For women who mine gemstones in Tanzania, knowledge is economic power
She’s been making her living as an artisanal gemstone miner for years, but no one had ever told 55-year-old Rehema Hamisi that salt diminishes gemstones’ appearance.
“Before, I was using salt, which fainted the color and you cannot see any other details,” Hamisi says.
Then she received a copy of Selecting Gem Rough: A Guide for Artisanal Miners. The illustrated booklet explained the basics of identifying, processing and valuing stones, and it came with training and hands-on mentoring from an expert gemologist – all at no cost.
“I started washing the gems using water after the training. This has helped me see materials more clearly.”
That, in turn, has helped boost Hamisi’s income.
Around the world, tens of millions of people in developing communities depend on artisanal and small-scale mining for their livelihood. Through its Mines to Markets program, Pact works to make that livelihood safer, healthier and more sustainable, efficient and lucrative.
Last year, as part of Mines to Markets, Pact launched a partnership with GIA (Gemological Institute of America) to test a new rough gem guide. Made specifically to give basic gemological and market knowledge to artisanal miners in gem-producing regions, Selecting Gem Rough was developed by a team of GIA gemology, market, education and design staff who consulted with experts who buy in rural areas.
Together, Pact and GIA identified the best location to pilot the guide, which comes in both English and Tanzanian Swahili. In January, they distributed it with training to about 50 women miners in the Tanga region, near Tanzania’s eastern border.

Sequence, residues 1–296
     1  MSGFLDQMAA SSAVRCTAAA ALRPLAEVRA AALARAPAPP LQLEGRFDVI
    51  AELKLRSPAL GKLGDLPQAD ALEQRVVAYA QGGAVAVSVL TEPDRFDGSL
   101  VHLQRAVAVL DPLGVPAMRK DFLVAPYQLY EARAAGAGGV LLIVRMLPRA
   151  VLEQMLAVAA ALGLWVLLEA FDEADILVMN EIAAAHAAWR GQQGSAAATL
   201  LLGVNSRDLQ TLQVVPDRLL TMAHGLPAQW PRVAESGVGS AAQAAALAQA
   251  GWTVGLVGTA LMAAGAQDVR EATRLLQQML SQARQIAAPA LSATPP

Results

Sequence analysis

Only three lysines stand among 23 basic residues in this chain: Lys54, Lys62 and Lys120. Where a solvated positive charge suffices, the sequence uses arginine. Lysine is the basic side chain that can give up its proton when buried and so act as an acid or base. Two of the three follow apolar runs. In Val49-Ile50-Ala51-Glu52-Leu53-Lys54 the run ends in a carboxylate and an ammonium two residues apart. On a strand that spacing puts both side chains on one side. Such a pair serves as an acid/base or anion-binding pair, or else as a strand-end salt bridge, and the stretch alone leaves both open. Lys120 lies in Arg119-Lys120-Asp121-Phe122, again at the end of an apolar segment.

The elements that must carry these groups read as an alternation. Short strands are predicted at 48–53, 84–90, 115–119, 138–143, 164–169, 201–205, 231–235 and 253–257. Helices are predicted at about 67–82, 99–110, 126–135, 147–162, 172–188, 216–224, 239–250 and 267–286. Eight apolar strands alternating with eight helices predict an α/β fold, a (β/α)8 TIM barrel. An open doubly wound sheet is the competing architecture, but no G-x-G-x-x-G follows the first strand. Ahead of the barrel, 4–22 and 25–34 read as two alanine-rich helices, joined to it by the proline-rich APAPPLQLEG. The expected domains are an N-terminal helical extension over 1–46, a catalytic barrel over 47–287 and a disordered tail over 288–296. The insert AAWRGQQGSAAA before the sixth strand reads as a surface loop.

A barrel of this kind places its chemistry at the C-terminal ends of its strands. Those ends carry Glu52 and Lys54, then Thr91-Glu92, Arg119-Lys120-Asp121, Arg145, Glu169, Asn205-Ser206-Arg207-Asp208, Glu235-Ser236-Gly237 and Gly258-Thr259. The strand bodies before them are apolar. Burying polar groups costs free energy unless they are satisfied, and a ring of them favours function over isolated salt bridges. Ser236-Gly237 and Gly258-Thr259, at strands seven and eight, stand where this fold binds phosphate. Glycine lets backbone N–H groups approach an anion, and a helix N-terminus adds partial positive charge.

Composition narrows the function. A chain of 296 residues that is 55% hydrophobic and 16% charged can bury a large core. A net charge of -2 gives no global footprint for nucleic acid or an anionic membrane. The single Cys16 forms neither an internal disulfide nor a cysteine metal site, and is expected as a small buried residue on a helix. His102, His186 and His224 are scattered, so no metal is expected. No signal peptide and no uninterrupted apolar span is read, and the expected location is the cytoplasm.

All costs for the pilot – about $120,000 – were paid from GIA’s endowment fund.
“There is often a huge knowledge differential between the artisanal miners who work tirelessly to produce the world's most beautiful stones, and those later down the supply chain,” explains Cristina Villegas, Pact's technical program manager for Mines to Markets. “This new tool is helping miners better understand the quality and value of their products, which will help reduce their vulnerability in the supply chain and improve their economic development opportunities.”
Says GIA’s Robert Weldon, who helped develop and test the booklet: “It was incredibly fulfilling to see how sharing GIA’s extensive gem knowledge could directly impact the daily lives of artisanal miners.”
Since the January trainings, Pact and GIA have been making site visits to monitor miners’ progress and conduct follow-up trainings and focus groups about the booklet’s usefulness.
“Overall, the women are telling us that the guide is very helpful,” says Pact’s Norbert Massay, a project manager in Tanzania. “They are putting the information to use.”
Like Hamisi, Abdalla Komba, a miner in Ngombeni village, has increased her income by changing the way she works based on what she’s learned.
She used to sell high- and low-quality gemstone to buyers together.
“Now,” Komba says, “I separate the stones and sell them per their quality.”
Kanisiana Sabini, a 50-year-old garnet miner from Kalalani, says the knowledge she’s gained has empowered her to sell her gems for better prices.
“I have sold my garnet at 70,000 Tanzanian shillings (about US$30) after the training,” Sabini says, “but before I could have sold it at a maximum of 10,000.”
Mwanahamisi Peter, another Kalalani miner, says she only wishes she’d received Selecting Gem Rough years ago, when her mine was younger and she was unearthing larger stones.
“I remember I sold a red garnet the size of my hand in 2011 at 500,000 Tanzanian shillings,” or about US$220, Peter recalls.
Now she knows better.
“This was nothing,” she says.
Lead photo: GIA's Marvin Wambua helps participants examine a gem in a translucent tray provided with the gem guide.
Photos by Robert Weldon/GIA.